Grant eligibility and amounts are based on the number of elementary and middle schools in a school division that have the poorest attendance records, based on the percentage of students who are absent more than 10 days in a school year. Nearly 200 schools in about half of the state’s school divisions were eligible for Truancy Program grants in 1996-98, and the school divisions’ grants ranged in amount from $20,000 to just over $500,000, depending on the number of participating schools.1It is too soon to say whether the $2 million annual outlay for reducing truancy and making schools safer is working. What is clear, however, is that improving attendance should be a high priority goal. In 1996, about one-third of the school divisions had between 32 and 53 percent of the students miss more than 10 days of school.(See the map on the front cover.)The EvidenceThe connection between attendance and achievement is grounded in common sense. Unless a student is productively engaged in off-campus independent research, he will find it difficult to learn what is taught at school in his absence.This common sense understanding is supported by research in Virginia. It has been estimated that reducing excessive absenteeism in the Commonwealth’s public schools by 25 percent would enable 22,000 more young Virginians to score above the national average on standardized tests.3It should be emphasized that the correlation between attendance and achievement is not a by-product of social or economic factors at work. In the Virginia study, a statistical analysis revealed that even after the social and economic factors were held constant, schools with higher attendance rates achieved higher test scores .4In layman’s terms: If two school divisions have students with similar social, ethnic, and economic characteristics, the school division with the higher attendancerate will have the higher test scores.Thus, the logic implicit in the Truancy Program—that raising student attendance will improve student achievement—is supported by hard data from Virginia’s public schools.Other Low-Cost Strategies For Improving AttendanceSchool Division Performance BonusesUnder the Truancy Program, school divisions with the highest absentee rates receive extra state funds to try to improve attendance. A performance bonus strategy, on the other hand, would reward a school division only after it achieves higher attendance levels on its own initiative.To experiment with a performance bonus program, the General Assembly should consider amending the Standards of Quality state aid formula to reflect changes—up or down—in excessive absenteeism for each school division.For example, the basic aid formula might be amended so that the Average Daily Membership (ADM) would be adjusted up or down 1/10 of one percent for each percentage point change in the number of students absent no more than 10 days a year, compared to that same measure in some prior “base” year.In that case, a school division with 5000 students that improved 6 percentage points on the excessive absenteeism measure would get to use 5030 as its calculated ADM for purposes of computing the basic aid. The state would then fund 100 percent of the cost of the “additional 30 students”—an amount equal to about $96,000 currently.5That state subsidy would increase in subsequent years if school division performance continued to improve. However, the subsidy would decrease if excessive absenteeism rose, and it would disappear entirely if future absentee rates reached or exceeded the base period rate.Extending this example statewide, consider that the total ADM is about one million students. If all school divisions showed an improvement of 6 percentage points (a 25 percent improvement), that would increase the calculated ADM by 6/10 of one percent, or about 6000 students. State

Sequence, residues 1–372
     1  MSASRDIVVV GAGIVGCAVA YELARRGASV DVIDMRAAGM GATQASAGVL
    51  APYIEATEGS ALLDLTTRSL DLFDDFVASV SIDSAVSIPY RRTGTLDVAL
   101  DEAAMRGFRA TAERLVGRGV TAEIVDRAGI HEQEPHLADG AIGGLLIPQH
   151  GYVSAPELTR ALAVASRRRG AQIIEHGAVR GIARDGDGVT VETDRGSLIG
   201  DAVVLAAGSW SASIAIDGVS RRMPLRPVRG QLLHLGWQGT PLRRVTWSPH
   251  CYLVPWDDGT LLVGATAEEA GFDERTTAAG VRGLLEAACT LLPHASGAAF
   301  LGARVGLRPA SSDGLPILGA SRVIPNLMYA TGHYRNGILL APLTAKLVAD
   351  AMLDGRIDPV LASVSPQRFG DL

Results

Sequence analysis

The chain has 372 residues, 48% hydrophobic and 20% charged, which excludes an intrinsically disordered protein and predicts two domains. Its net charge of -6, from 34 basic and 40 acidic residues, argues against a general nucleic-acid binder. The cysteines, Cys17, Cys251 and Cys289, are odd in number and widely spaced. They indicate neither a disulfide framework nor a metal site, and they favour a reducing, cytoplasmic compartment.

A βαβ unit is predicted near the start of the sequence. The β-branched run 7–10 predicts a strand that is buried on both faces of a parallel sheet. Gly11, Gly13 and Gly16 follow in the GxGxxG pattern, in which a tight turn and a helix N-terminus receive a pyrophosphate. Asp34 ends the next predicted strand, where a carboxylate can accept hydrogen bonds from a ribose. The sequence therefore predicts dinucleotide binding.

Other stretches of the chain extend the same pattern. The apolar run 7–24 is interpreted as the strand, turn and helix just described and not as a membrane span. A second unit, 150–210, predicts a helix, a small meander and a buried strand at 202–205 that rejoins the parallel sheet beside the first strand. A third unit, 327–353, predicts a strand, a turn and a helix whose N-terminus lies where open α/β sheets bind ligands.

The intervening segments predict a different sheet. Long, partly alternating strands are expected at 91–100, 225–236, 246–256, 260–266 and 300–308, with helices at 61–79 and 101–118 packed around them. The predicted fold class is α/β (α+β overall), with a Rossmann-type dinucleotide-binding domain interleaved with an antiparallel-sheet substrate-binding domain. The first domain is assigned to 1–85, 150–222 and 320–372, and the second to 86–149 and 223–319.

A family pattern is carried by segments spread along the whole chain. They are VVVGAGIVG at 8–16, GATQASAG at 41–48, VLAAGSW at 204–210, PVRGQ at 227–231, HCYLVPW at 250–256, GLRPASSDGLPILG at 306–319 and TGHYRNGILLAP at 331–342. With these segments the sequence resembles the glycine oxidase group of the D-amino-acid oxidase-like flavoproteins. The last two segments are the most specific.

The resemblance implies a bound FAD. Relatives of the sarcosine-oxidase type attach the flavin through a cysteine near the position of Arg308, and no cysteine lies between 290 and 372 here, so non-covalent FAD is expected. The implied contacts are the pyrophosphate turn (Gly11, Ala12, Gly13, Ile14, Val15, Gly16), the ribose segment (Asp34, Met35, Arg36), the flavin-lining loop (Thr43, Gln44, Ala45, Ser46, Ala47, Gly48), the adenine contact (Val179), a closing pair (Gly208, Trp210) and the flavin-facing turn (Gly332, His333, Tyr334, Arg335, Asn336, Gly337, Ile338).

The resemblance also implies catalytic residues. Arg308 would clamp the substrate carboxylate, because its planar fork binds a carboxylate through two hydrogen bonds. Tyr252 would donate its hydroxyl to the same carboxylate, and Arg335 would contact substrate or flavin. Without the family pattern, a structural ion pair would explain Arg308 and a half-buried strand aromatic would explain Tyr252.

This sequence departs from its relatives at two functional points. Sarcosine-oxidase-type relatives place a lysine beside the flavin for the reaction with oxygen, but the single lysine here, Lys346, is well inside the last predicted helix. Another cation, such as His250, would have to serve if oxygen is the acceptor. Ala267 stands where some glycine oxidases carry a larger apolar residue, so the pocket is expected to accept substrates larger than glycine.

funding for 100 percent of the basic aid (about $3200 per pupil) for the “additional 6000 students” would cost about $19 million.Additional examples could illustrate variations on the theme. Different incentive amounts could be used, and a cap on the total incentive payments could be set. The essential principle of this strategic approach, however, is clear:Reward school divisions that reduce excessive absenteeism after they have done it, and continue that reward as long as they continue to do better than their base period performance.School divisions may develop some creative—and probably effective—ways to spend the Truancy Program funds. However, the creativity and effectiveness that would be fostered by a performance bonus program would likely be greater for two reasons.First, administrators in all school divisions—not just half—would be actively engaged. Without much doubt, that would introduce additional effective ways to combat excessive absenteeism.Second, there is reason to expect greater effort to produce results—at lower cost—when there is the prospect of gaining additional funding that could be used for instructional purposes, attendance programs, or both.Individual School Performance BonusesThe General Assembly should also consider funding a performance bonus program for those on the front lines—all instructional personnel—in schools that reduce excessive absenteeism. Principals and teachers should get a tangible reward for improving attendance in their particular schools, regardless of what happens elsewhere in their division.The primary purpose of the school-level incentive should be to jump start the divisionwide effort to reduce excessive absenteeism. Thus, it would more appropriately be a onetime start-up initiative rather than an on-going incentive program.Consider, for example, an individual school goal of raising the attendance measure by 6 percentage points. A one-time $100 state-funded bonus could be awarded to each teacher and principal in schools that achieve the attendance goal. Since the number of teachers and principals in Virginia is near 80,000, such a program would cost a maximum of $8 million if every school in the state achieved the attendance goal.After that one-time state bonus for teachers had been paid, local school divisions could consider sharing a portion of any future school division attendance bonus with school personnel who maintain target attendance levels at their schools.It is highly unlikely that all schools would achieve the attendance goal in the same year. So the total maximum bonus payout would be spread over several years, and the budget impact would obviously be less if some schools failed to reach the goal.Education Department WorkshopsCutting absentee rates is not easy, nor can it be done without committing at least some resources. However, in the past six years, 75 percent of the school divisions have lowered their absentee rates .6The Department of Education should provide opportunities for all school administrators to learn from the success of others. And, as administrators perform the required evaluation of their schools’ Truancy Program, it certainly makes sense to share those findings widely.Therefore, the Department should sponsor mandatory workshops for all school principals and at least one school division administrator to identify effective tactics for reducing absenteeism.ConclusionThe Truancy Program is aimed at the right goal. In addition, it’s not expensive. However, the money will be spent whether any significant attendance improvements occur at all. Only after the money is spent will an evaluation of the program’s effectiveness be possible.An alternative approach is the performance bonus strategy. The funds would be awarded to schools and school divisions only after excessive absenteeism was reduced. Moreover, every dollar spent would be for progress actually achieved.